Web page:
The link between poor air quality and mental health

Making sure young children breathe clean air gives them a better start in life – physically and emotionally. (Rawpixel pic)

Many studies have been conducted on the link between poor air quality and chronic diseases such as heart disease, but a study by researchers in the US and Denmark has found that environmental pollution can also be linked to an increased risk of psychiatric disorders.

The study, published in “PLOS Biology”, showed that children (up to age 10) in Denmark who grew up in more polluted areas had a higher risk of developing schizophrenia, bipolar disorder, personality disorder and depression.

US children growing up in areas with poor air quality showed a higher likelihood of depression and bipolar disorder.

What about other studies?

Are there other studies that have come to the same conclusions?

Three studies have shown that there is indeed an observable relationship between air quality and mental health.

The studies by researchers at Cincinnati Children’s Hospital Medical Centre found that short-term exposure to air pollution was linked to the worsening of mental disorders, one to two days after the exposure.

A second study found a link between being exposed to pollution caused by traffic and generalised anxiety symptoms in otherwise healthy children.

The third study found that exposure to traffic pollution early in life was linked to a higher rate of self-reported depression and anxiety in adolescents.

Indoor air quality can be worse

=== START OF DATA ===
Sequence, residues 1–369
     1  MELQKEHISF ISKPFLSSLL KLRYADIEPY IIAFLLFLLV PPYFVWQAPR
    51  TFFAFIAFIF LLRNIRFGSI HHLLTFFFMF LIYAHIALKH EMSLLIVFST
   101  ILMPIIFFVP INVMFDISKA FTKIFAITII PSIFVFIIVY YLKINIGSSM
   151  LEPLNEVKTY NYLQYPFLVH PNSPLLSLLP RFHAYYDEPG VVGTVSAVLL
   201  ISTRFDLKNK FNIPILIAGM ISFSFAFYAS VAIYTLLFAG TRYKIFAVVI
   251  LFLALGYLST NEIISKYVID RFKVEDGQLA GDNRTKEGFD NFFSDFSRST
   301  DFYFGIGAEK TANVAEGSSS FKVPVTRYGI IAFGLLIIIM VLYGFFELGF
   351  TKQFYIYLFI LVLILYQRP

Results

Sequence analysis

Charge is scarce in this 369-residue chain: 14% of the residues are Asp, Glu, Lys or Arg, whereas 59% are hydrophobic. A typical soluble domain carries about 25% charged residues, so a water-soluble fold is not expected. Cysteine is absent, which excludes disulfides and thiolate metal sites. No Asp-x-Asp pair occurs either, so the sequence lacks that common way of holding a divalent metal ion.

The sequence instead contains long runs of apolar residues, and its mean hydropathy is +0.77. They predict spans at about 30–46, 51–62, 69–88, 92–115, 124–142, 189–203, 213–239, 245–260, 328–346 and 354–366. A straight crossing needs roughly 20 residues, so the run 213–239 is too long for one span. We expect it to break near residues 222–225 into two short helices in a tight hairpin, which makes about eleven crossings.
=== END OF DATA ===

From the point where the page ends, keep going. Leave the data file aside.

It is not just exposure to traffic pollution that can be detrimental to a family’s health. The US Environmental Protection Agency has reported that the air quality in some American homes can be two to five times worse than it is outside.

The causes of pollution indoors include flame retardants in soft furnishings, dander and dust in carpets and volatile organic compounds emitted by pressed wood furniture and harsh cleaning products.

A change of lifestyle

Families should aim to replace pressed wood furniture and soft furnishings containing formaldehyde and make healthier choices, such as using a steam vacuum cleaner to kill bacteria without the need for bleach and other toxic cleaning products.

A home inspection should be done for cracks in the structure that could be letting in poor quality air.

Small steps, such as leaving shoes outside and by changing clothes quickly and placing them in the washing machine, are also useful.

Dry laundry outside to avoid attracting dust mites and breathing in chemicals from fabric softeners.

Dust and particles on shoes and clothing can make their way into the air and because these particles are invisible to the human eye, their harmful effects on health go unnoticed.

Conclusion

Various studies have established a relationship between pollution and mental health issues. Be aware that indoor pollution can be worse than that outside.

Take steps to improve the air quality in the home by eliminating toxic sources and filtering harmful particles that can contribute to everything from allergies to respiratory difficulties and mental distress.

Dennis Relojo-Howell is the founder of Psychreg and host of The DRH Show. You can connect with him on Twitter @drelojo_howell